2. Connect with Traditional Medicines and Knowledge
It’s true that our relatives and ancestors endured germ warfare at the hands of the U.S. military while suffering great losses. What’s also true is that we survived, and our connection to traditional knowledge and medicine has played a role in that survival.
During this time when we are having to practice “social distancing,” it is a perfect time to dive into learning about your traditional medicines, whether that be tinctures and syrups, traditional foods, plant medicines, fermentation, and so on. Connect with friends and relatives and learn from each other. Use technology so you can talk about your learnings and experiments virtually, in making these medicines via text, video, or FaceTime.
3. Build Community
When we are able to quiet all the worries, the media, and public frenzy of this time and think about the big picture, we can see that this moment is an opportunity to come together in community, in care and preparation. Grave threats like climate change are real and these types of scenarios may become more frequent and perhaps more extreme. This is why building with community is critical for how we respond to these types of events.
In times like this, we need to identify who in our community is most vulnerable and strategize the best ways to protect them. We need to think about food security, and not in a capitalist and individualistic sense, but in a collective sense. We need to reflect on some important questions, such as: Are we growing crops in the summer to store and feed our communities during times like this? What are our most fundamental values that our community has to draw upon in high stress moments like this? How do we make decisions? And how do we not turn on each other?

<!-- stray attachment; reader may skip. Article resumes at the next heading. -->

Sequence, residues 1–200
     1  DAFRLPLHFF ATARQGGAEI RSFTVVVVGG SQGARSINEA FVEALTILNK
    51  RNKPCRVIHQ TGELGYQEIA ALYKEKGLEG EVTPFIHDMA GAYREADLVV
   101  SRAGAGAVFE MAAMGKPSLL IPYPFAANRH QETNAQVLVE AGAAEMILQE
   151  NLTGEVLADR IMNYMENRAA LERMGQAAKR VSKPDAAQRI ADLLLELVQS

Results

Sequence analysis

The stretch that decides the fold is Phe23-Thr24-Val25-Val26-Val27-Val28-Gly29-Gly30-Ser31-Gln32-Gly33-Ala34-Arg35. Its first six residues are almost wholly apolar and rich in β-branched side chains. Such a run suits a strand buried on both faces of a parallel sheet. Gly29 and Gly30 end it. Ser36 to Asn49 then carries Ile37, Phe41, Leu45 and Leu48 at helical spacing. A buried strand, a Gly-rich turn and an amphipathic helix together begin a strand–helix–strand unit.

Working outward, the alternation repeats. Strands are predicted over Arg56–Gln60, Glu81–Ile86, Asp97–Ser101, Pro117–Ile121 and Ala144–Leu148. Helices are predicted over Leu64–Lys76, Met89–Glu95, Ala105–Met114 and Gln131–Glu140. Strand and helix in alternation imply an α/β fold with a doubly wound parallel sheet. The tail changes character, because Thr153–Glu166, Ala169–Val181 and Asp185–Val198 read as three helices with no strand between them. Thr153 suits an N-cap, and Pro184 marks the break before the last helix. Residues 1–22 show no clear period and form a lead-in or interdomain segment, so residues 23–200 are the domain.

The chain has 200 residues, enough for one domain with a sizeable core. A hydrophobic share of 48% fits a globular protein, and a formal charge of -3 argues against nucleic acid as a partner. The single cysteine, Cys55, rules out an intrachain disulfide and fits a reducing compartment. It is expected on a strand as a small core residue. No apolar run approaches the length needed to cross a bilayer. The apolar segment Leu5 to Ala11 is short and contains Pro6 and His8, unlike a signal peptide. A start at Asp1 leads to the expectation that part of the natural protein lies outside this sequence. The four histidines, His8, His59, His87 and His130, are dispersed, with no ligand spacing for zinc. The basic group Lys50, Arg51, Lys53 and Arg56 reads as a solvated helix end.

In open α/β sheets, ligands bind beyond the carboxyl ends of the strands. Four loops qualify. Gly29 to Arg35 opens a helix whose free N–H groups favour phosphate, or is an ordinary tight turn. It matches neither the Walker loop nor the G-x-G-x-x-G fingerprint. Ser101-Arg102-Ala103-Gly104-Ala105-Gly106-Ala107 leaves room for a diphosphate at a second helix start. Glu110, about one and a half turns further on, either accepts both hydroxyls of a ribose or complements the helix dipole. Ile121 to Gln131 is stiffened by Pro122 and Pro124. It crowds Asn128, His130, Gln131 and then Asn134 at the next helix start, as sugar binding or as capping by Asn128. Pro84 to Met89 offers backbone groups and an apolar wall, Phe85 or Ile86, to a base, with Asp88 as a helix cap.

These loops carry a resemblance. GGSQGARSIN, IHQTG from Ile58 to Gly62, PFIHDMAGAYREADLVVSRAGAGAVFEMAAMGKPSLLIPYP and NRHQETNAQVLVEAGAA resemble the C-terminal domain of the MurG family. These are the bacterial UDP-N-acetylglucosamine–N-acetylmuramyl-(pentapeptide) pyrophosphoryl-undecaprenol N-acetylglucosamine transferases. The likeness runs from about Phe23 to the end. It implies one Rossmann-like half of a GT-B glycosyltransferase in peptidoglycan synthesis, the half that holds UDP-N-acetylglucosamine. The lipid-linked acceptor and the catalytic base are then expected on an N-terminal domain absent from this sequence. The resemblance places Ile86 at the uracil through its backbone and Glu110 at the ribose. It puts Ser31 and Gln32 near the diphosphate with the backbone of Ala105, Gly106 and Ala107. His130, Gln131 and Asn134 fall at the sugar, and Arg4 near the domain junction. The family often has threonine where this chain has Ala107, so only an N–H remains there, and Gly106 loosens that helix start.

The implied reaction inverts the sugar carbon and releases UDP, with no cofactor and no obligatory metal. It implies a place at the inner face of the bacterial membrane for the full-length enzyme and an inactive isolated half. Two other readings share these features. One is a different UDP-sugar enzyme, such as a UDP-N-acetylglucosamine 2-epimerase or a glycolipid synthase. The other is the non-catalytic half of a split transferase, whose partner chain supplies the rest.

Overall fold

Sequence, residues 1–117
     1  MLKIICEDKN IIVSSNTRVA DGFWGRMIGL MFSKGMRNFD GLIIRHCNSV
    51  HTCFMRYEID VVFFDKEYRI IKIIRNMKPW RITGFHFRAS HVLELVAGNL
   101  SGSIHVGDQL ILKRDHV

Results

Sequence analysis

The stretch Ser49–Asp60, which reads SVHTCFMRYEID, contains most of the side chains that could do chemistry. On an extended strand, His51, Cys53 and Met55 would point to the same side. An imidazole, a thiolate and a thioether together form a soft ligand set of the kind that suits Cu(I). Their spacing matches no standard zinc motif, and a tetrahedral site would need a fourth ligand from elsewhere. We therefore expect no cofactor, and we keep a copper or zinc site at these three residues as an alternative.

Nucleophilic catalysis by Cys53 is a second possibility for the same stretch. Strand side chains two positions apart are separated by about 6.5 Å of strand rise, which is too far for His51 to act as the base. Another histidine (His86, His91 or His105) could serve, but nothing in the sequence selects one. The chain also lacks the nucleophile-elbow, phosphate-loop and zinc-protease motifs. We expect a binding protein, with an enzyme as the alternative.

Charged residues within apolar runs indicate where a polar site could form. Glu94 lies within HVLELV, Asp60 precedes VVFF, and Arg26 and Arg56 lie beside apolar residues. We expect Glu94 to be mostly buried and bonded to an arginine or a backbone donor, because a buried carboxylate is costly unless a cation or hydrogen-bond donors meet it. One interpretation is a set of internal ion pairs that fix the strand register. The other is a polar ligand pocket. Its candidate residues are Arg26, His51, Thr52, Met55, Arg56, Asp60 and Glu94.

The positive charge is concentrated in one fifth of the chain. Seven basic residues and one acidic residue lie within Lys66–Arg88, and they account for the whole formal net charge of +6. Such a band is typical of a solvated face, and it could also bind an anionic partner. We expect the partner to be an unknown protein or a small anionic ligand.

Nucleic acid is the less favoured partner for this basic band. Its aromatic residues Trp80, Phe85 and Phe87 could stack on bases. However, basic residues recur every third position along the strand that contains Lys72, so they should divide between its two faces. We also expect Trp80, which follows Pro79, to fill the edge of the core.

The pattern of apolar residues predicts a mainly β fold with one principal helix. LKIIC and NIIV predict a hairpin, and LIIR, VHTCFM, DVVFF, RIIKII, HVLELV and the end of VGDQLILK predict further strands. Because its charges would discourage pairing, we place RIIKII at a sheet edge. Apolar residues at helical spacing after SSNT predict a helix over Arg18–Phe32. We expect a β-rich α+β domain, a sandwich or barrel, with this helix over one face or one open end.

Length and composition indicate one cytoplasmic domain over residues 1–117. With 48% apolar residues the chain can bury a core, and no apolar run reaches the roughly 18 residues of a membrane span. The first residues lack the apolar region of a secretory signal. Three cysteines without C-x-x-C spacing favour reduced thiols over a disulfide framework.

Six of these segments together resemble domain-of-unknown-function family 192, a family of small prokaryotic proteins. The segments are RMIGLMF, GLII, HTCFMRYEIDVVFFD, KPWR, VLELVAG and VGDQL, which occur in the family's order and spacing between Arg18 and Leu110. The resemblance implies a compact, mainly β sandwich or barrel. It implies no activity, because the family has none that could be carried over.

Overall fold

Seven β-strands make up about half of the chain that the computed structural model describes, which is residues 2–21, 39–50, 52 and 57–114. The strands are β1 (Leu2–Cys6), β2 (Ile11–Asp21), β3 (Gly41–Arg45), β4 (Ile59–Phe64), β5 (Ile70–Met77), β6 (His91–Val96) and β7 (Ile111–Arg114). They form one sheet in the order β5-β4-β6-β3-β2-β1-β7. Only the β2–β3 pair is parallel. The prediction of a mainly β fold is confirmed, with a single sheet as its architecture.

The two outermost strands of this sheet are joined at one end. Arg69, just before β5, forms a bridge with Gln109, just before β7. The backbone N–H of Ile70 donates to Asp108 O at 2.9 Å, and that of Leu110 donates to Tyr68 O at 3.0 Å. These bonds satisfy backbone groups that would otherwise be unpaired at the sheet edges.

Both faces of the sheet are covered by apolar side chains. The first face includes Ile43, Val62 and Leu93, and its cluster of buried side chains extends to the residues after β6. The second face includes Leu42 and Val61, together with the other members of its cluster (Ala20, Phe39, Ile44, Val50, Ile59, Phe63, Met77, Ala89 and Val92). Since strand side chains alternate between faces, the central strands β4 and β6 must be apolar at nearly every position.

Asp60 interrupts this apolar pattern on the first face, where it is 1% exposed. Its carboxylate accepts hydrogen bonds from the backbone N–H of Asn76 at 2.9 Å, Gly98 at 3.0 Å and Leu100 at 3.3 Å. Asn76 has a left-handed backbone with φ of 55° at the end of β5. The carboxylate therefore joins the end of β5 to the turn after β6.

This is all decolonial work: getting back to community and even matriarchy, honoring the interdependence of all beings, and valuing the collective over our own ego.
We are learning from communities that are at ground zero of devastation, such as Italy and Washington state, that “social distancing” is a critical strategy in curbing the spread of this new disease. For Native communities “social distancing” can be challenging because many of us live closely with our relatives, our elders, and our young ones, often in the same household, so this strategy will require some “Indige-nueity” and conversations as a community for how to care for elders and each other.
In closing, we will survive COVID-19. And by the time the pandemic has been managed, we will have learned so much from this moment and how we can better prepare for these types of scenarios; we will see where we have gaps in our communities, cities, nations, and where we have strengths. When all of this has stabilized, we encourage you to not to forget the feelings and the lessons that this moment is giving each and everyone one of us. Write them down so as to not forget this moment.
We can not go back to business as usual after this experience. We have to apply what we learned to our lives, to our politics, and to our relationships, so that if and when this happens again, whether it’s a pandemic or a climate catastrophe, we can be fully prepared as communities. This might look like voting in November, or working for Medicare For All in your state or region, or working within your community to build gardens and food banks, bringing in renewable energy so we are not dependent on grids or oil and gas.
This moment can feel scary and strange. But again, when you quiet worries and the fears, moments like this really urge us to become strong, innovative, holistic-minded, and resilient peoples.
This article originally appeared at ndncollective.org.
Jade Begay is Diné and Tesuque Pueblo of New Mexico. As creative director of NDN Collective, she leads multimedia content development through strategic narrative development and creative content design.